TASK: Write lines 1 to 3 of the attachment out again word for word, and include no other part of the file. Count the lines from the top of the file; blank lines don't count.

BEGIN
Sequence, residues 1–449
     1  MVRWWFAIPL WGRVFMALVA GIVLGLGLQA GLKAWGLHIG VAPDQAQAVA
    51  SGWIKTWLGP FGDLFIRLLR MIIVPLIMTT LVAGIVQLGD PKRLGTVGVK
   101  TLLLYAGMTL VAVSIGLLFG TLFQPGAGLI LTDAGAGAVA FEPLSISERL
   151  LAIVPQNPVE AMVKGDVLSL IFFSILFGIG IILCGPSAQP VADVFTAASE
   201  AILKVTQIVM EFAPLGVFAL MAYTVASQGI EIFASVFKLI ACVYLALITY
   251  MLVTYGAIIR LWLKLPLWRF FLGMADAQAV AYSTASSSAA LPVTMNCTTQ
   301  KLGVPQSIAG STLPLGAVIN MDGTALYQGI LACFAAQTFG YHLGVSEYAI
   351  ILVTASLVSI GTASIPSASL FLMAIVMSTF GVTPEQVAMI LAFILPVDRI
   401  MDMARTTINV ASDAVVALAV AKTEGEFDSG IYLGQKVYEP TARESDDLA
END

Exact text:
Sequence, residues 1–449
     1  MVRWWFAIPL WGRVFMALVA GIVLGLGLQA GLKAWGLHIG VAPDQAQAVA
    51  SGWIKTWLGP FGDLFIRLLR MIIVPLIMTT LVAGIVQLGD PKRLGTVGVK